I was a team member for a Product that won an award where I Product Managed it, is it misleading if I express this as 'award-winning' or have experience working on award-winning Products?


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    You can phrase it however you like, but the bottom line is that I don't care very much at all if you worked on an "award-winning" product or not, I care what you personally did. – Philip Kendall Nov 9 '18 at 15:44
  • Is there evidence in the press or some web sites that your work got this award, and by extension, that you were part of the team? It's not likely they'd care to fact-check it, but just in case. – user34587 Nov 9 '18 at 15:55
  • Yes, It's an industry award from an independent organisation. The company I work in is a FTSE100 corporate company. – bobo2000 Nov 9 '18 at 15:58

You might want to detail what kind of award that your project won. Both here and in your CV.

If it's an award by an independent organisation, I would feature it prominently (and it would justify the 'award-winning' tagline), talk about how you won it and how you personally contributed to the win. If the award isn't very well-known outside of the industry I'd also talk a little about who hosts it.

If it's an in-company award I would still mention it, but be honest about it and don't pretend it holds much weight outside of the company (aka drop the 'award winning' stuff).

  • It's an industry award from an independent organisation. – bobo2000 Nov 9 '18 at 15:55
  • @bobo2000 I've updated my answer to provide a few more details on what you can talk about in that case – 520 says Reinstate Monica Nov 9 '18 at 16:15

is it misleading if I express this as 'award-winning'

If you worked on a product that won an award, then it is not at all misleading to say you worked on an 'award-winning' product.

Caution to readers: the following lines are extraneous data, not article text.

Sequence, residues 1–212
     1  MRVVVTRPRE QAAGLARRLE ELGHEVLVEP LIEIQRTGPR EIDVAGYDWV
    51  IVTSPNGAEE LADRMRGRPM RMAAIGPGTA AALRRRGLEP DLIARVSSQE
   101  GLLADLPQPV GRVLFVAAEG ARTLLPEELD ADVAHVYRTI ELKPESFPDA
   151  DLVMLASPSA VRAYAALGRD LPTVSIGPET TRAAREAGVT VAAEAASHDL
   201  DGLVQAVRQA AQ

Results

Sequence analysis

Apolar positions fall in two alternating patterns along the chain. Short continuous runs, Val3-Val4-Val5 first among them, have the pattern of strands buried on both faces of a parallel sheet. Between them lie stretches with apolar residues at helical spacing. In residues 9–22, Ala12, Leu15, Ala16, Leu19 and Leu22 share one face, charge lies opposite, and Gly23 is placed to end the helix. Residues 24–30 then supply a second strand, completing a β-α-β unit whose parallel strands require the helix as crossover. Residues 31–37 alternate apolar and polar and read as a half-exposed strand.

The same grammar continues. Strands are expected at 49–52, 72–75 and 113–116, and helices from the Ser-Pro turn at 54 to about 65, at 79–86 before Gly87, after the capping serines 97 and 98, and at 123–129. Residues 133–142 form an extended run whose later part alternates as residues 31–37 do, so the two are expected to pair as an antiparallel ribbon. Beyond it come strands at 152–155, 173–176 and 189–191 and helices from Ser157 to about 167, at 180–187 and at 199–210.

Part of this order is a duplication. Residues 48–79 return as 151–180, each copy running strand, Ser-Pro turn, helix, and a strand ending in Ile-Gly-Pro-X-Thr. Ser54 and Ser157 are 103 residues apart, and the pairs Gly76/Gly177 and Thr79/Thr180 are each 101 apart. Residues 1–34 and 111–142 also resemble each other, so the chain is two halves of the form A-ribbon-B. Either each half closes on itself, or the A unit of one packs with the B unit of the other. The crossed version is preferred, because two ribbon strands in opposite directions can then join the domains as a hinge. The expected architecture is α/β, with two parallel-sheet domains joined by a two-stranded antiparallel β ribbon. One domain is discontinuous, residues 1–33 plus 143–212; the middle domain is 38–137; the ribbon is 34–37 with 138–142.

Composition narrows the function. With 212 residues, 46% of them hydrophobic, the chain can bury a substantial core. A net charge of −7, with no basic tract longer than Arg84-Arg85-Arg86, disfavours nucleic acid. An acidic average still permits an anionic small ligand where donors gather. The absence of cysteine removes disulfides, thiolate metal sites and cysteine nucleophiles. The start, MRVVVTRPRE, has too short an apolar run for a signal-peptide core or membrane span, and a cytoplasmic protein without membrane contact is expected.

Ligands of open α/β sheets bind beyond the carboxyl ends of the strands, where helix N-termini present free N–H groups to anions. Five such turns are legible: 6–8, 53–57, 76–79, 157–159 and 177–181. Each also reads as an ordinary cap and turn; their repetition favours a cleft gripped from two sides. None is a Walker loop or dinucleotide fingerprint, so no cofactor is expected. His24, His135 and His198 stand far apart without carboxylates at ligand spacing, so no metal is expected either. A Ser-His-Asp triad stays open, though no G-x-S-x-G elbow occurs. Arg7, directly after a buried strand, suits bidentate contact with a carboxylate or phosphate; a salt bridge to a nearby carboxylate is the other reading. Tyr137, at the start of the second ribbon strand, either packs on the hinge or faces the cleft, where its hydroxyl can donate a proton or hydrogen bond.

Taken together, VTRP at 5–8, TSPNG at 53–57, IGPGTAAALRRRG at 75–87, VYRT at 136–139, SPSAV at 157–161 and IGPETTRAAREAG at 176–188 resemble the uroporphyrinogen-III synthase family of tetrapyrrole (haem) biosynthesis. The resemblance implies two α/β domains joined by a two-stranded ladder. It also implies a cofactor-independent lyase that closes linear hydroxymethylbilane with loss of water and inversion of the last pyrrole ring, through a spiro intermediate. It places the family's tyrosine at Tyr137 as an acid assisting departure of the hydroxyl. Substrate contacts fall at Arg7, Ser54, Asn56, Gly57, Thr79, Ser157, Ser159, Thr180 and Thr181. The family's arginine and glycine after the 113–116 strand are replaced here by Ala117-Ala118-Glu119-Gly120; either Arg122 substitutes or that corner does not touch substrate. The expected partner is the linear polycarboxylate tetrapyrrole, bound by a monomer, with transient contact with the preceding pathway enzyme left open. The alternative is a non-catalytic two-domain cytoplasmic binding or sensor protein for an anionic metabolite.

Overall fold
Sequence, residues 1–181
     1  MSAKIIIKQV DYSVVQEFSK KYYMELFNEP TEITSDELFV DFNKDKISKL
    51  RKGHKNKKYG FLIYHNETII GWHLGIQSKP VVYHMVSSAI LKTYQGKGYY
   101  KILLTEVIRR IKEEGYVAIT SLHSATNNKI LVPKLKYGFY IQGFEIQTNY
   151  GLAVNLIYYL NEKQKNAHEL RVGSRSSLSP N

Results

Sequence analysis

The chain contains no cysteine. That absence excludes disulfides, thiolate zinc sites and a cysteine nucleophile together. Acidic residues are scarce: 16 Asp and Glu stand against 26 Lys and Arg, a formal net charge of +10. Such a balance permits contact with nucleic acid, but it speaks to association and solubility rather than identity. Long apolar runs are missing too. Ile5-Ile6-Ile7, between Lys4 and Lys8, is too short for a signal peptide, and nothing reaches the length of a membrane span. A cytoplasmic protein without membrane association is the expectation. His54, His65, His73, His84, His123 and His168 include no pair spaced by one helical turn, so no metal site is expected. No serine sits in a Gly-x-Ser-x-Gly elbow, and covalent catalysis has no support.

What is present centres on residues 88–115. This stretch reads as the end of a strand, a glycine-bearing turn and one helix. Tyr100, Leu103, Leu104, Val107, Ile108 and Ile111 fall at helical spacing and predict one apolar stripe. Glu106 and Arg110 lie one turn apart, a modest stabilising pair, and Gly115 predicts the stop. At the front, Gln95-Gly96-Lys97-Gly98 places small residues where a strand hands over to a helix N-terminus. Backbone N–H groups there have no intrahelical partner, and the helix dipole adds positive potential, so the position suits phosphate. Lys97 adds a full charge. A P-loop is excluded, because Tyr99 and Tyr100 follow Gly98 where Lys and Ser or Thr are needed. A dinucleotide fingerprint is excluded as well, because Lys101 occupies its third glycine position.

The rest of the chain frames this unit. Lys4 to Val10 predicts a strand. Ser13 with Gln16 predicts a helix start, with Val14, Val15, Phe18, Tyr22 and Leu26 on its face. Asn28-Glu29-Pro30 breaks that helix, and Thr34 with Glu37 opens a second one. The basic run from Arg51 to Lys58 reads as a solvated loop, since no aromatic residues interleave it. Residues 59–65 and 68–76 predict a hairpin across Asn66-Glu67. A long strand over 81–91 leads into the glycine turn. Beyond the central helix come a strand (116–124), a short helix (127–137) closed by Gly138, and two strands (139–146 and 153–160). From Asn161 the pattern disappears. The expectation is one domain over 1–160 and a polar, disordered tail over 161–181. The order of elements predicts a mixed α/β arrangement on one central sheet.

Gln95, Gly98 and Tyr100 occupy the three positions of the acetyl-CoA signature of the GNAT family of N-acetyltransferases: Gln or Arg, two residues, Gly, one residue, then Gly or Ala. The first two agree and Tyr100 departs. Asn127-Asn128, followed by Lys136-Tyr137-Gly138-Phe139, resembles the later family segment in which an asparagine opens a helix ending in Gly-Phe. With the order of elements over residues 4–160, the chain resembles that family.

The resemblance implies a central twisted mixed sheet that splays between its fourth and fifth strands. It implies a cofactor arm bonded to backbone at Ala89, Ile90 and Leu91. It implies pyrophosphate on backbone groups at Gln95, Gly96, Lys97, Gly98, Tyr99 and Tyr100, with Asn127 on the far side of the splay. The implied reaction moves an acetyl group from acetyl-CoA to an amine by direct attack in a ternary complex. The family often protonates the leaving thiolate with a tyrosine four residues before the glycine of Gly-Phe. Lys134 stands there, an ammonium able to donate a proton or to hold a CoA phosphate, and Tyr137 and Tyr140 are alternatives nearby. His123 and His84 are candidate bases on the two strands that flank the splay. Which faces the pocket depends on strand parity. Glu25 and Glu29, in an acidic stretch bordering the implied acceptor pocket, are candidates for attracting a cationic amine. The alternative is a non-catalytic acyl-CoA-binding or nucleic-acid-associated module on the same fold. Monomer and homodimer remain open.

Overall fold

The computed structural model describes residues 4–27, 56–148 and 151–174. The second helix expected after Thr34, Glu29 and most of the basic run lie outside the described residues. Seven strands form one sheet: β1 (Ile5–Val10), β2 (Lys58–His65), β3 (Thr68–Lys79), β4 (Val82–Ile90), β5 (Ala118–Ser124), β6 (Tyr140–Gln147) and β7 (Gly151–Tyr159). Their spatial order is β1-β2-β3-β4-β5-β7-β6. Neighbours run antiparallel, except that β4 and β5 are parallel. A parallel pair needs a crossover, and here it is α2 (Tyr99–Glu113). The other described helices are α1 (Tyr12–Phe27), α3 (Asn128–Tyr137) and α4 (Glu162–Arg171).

You should characterize the extent of your work and specify the type of the award.

For example, it's different to say "I wrote an article that won a Pulitzer prize last year." versus "I was one of three editors who spell-checked an article that was the runner up for the 'Nicest Company Blog Article of the Month' last February".


As long as its not a lie.

Did you do a substantial amount of work on the project, or did you come in part way through and happen to be on the team? either way, I would refrain from saying "I have experience working on award winning products" because what does that even mean? How is that any different than working on anything else.

You need to highlight exactly why what you did is important. If you were the lead on this project, then by all means add it, but don't just say "it won an award (whooo)". Instead put what you did to make it an award winning product, what did YOU do to make that happen. Without that information, its really just noise clouding the rest of your CV.

  • I was product managing the product, featured prominently but it was a team effort where everybody played an important role. – bobo2000 Nov 9 '18 at 15:56
  • As long as you can show you contributed to the fact that it was award winning, you can include it. The fact it was an award winner does not matter on your CV unless your contribution help make it win the award. – SaggingRufus Nov 9 '18 at 15:57
  • My contribution played a key role to help it win the award (as did others), basically was in charge of the technical delivery of it. The award was given to the project and not individual job roles within the project so not sure how to express this. – bobo2000 Nov 9 '18 at 15:59
  • As long as you can objectively quantify it, and explain it. My point is, don't say it won an award, demonstrate the qualities that made that happen. Do use award winner as a tag line – SaggingRufus Nov 9 '18 at 16:07

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